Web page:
Linda and Marks trip to France and Spain travel blog











Today we eat a petite dejeuner at the hotel, in a very small little inner courtyard room neatly set in white, then off on the road to finish our D-Day homage in Normandy.

We have a little Garmin (GPS), with a chip for Europe which has been brilliant for even if and when we lose ourselves, she (named GyPSey) takes us down little country roads taking us where we want to be.

The first stop is Juno Beach and the British Military Cemetery, row after row of men, mostly 18 to 30 years of age – many “known only to God”. Our last stop is Omaha Beach and the American Memorial Museum and cemetery which are on the beach. The museum makes it is easy to imagine thousands of men, airplanes, and boats in the water in June 1944. At the museum, security is like an airport. The exhibits are incredible – we are often moved to weep.

Throughout this route we are on, we are constantly reminded that the French remember and revere their liberation by the Allied Forces – they do not take their freedom for granted and it is here, on these beautiful stretches of beach that a great force of evil oppression was finally turned back, at great cost. This countryside, so peaceful and green, was the site of incredible carnage.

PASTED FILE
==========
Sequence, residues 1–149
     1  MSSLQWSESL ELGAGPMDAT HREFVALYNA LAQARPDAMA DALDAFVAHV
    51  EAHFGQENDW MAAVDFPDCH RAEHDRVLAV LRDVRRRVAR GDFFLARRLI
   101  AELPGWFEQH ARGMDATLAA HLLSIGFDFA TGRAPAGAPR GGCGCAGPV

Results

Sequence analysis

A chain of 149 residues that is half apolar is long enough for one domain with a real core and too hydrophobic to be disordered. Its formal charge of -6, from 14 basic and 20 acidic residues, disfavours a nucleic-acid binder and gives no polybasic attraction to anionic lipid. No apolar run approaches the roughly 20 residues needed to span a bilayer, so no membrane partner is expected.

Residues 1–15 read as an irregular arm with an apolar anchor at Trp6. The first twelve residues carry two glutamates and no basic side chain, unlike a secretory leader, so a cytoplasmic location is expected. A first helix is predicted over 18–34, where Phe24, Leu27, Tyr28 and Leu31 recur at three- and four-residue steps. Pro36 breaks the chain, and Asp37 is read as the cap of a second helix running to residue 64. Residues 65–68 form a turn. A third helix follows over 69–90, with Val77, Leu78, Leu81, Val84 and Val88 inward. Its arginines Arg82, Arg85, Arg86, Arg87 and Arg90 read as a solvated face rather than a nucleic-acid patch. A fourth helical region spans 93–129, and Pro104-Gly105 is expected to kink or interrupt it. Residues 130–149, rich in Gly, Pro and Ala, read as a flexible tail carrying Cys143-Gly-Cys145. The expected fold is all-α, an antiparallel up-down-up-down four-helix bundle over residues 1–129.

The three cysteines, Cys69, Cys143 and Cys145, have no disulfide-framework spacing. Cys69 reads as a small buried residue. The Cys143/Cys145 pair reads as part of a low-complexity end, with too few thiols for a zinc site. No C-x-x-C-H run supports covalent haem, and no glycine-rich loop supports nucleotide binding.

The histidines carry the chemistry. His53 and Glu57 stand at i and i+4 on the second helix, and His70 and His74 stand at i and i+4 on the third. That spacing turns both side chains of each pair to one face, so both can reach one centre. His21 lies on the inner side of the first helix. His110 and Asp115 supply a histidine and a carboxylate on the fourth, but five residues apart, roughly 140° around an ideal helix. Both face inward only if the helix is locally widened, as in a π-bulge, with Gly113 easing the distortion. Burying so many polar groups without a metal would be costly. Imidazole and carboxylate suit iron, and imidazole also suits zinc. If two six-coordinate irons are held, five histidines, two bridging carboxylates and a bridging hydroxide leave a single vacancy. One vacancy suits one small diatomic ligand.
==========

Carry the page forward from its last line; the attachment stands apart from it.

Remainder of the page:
We decide we need a change of pace so we move onto our next port of call, Mont St. Michel, a renowned image – a World Heritage Site. According to Celtic mythology, St. Michel was one of the sea tombs to which the souls of the dead were sent. The beginning was in 708, when a bishop had a vision of the Archangel Michel perched on a vanquished dragon (now the tip of the abbeys spire).

We planed to go on to Brest today, but rain and traffic are tiring. We take a chance and go to a Hotel name we recognize on the side of the road in a town not listed in The Lonely Planet – la Petite Lambelle. The Hotel is across from the train station and turns out to be the nicest room yet! A brasserie, just doors away serves dinner, but it is our first experience with a totally French menu and no English speaking staff. Mark makes a valiant effort at the language, but we both stumble in our choices hoping to chance whatever comes is good to eat. It is all utterly amazing food!

Every day we fall more and more in love with France:)

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